I remember “Paul E. Dangerously”, as he was known in ECW, for taking what was a fledgling little independent wrestling promotion in Philadelphia with relatively unknown talent and transforming it into the only independent organization to ever give WWE a serious run for their money. In the mid to late 90’s ECW pushed the limits of violence, sexuality and wrestling, forcing WWE and WCW to respond with “The Attitude Era”. Heyman had a keen eye for talent and such wrestlers as Steve Austin, Eddie Guerrero, Dean Malenko, Rey Mysterio Jr., Chris Jericho, Mick Foley and many more all passed through in ECW just before reaching fame in WWE. Paul Heyman developed a cult following of wrestlers and fans who were so passionate about his product that they would be willing to do almost anything to further its cause.


Before all of this ECW craziness, Paul E. Dangerously got his first big break in the late 80’s and early 90’s as a manger in WCW where he headed up the “Dangerous Alliance” consisting of, among others, Steve Austin, Rick Rude, Bobby Eaton, Larry Zybszko and Arn Anderson. He was also schooled by such greats as The Grand Wizard, Freddie Blassie and Lou Albano.

Commentator / Manager / Writer

Once ECW folded in 2001 Paul joined WWE full time for a few years as both an on-air talent and member of the creative team. Under his tutelage as head writer of Smackdown the show actually overtook WWE’s flagship show of Raw in terms of ratings and arguably had its most successful episodes during that era.

Heyman also served as a commentator during this run and was the color commentator for WrestleMania X7 alongside Jim Ross, calling the Steve Austin / Rock matchup. He also managed a young Brock Lesnar during this time when Lesnar first debuted and was involved in the WWE version of ECW, which failed miserably, not due to him, but did produce several memorable “One Night Stand” pay-per-views.


Returning to WWE in 2012, Paul Heyman once again proved why he is one of the best, if not the best promos ever, reinventing the managerial role in professional wrestling in the process. Alongside Brock Lesnar and CM Punk, Paul Heyman became a focal point of WWE. Many times, especially when Lesnar was away for extended periods of time due to his contract, Heyman could keep interest in Lesnar’s storylines until he returned months later. He also took a backseat very gracefully when CM Punk went on his long title reign in from 2012 - 2013, only enhancing him in the process.

Paul Heyman is without a doubt one of the most creative, hard-working, geniuses pro wrestling has ever seen and is talented in so many ways. He has made wrestling better in just about every possible form besides being a wrestler and, although he admittedly has a shady side (who doesn’t?), will undoubtedly be induced into the WWE Hall of Fame one day.

4) Jerry “The King” Lawler


How popular would you have to be to sell out a 10,000 seat arena every single Monday night for over 20 years? You have to be “Jerry Lawler” popular. In Memphis, Tennessee Jerry Lawler really is “The King”, forget Elvis! Before joining the WWE in the early 90’s Lawler was the biggest attraction in Memphis, wrestling the likes of Hulk Hogan, Randy Savage, Ric Flair, Superstar Billy Graham and Rick Rude, not to mention Steve Austin and The Rock. In fact, he sold out the Mid-South Coliseum so many times that, for a change, he did the first ever “Empty Arena Match” with Terry Funk. The crowds in Memphis never seemed to get tired of Lawler’s big right hand, his strap being pulled down, the piledriver and the occasional fireball. He also, most famously, had a long feud with American comedian and actor Andy Kaufman.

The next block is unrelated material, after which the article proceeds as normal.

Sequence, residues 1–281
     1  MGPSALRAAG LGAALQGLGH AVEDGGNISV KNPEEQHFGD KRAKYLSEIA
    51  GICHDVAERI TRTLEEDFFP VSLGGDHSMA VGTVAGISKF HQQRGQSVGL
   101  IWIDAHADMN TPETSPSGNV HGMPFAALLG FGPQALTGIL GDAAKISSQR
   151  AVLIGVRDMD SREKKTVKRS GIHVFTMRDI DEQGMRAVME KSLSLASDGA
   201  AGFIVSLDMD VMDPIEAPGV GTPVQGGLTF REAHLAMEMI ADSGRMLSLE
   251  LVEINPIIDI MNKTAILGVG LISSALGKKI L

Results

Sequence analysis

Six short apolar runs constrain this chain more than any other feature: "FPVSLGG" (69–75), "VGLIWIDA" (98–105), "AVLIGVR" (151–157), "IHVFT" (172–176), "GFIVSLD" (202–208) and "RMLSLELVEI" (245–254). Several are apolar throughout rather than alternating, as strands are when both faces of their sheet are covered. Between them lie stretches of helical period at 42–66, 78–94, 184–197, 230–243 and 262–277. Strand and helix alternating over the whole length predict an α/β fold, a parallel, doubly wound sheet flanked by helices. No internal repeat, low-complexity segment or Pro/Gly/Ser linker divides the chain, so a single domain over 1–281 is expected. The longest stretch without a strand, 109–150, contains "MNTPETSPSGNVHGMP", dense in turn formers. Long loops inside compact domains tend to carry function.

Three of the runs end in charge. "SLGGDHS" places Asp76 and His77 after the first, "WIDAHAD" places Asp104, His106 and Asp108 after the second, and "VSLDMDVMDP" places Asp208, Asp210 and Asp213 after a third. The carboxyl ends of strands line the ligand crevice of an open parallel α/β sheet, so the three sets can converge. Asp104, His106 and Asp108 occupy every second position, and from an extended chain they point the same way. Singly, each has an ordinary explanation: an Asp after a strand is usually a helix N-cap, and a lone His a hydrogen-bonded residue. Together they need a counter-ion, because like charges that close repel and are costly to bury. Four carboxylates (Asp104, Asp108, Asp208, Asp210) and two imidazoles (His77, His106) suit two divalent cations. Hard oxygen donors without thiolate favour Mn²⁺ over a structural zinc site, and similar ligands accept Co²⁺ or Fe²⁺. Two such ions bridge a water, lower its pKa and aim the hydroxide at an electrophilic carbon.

TV / Movies

Speaking of Andy Kaufman, Lawler’s most famous incident occurred on the “Late Night with David Letterman” talk show, one of the most popular shows on American TV when he slapped Andy Kaufman. He later played himself in the 1999 feature film “Man on the Moon”, about Andy Kaufman starring Jim Carrey.


Lawler is best known by several generations as being the color commentator alongside Jim Ross during the Attitude Era in the 90’s. His love of “puppies” and his occasional in-ring matches with the likes of Bret Hart, The Undertaker, Shawn Michaels, Triple H, CM Punk and Daniel Bryan set Lawler apart from nearly all other commentators. He was also heavily involved in the angle between ECW and WWF in the mid 90’s, calling it “Extremely Crappy Wrestling”.  Lawler had a quick wit, was able to think on his feet and spontaneously improvise and had a seemingly limitless amount of one-liners. In September of 2012 Lawler went into cardiac arrest while Raw was live on the air and was legally dead for several minutes before being revived by medical staff on site.

Promoter / Booker / Owner

The Memphis territory lasted longer than any other territory because the WWF could never take its top star, since that top star was also part owner of the territory. Lawler was not only the main draw in Memphis, but more often than not the one who was writing the storylines, booking the matches and coming up with different gimmicks / characters and even though Memphis had perhaps a reputation as being the worst-paid territory in the country, I guess when you’re the one making the payoffs, you never underpay yourself. That’s probably why it took so long for Lawler to finally join the WWF.

Lawler is still active as a WWE commentator on Smackdown. 2016 is his 46th year in professional wrestling. He has also stayed active in the ring outside of WWE during his entire tenure with the company taking regular independent bookings because of his love for the business. He was inducted into the WWE Hall of Fame in 2007.


So, what’s your Mt. Rushmore of “Best Overall Performers” in wrestling? I realize that everyone’s Mt. Rushmore is going to be different, so please feel free to leave your own personal choices in the comments section on Facebook or send me an email at

See you next month,

- Daniel Austin (Don Roid) (blog) (podcast)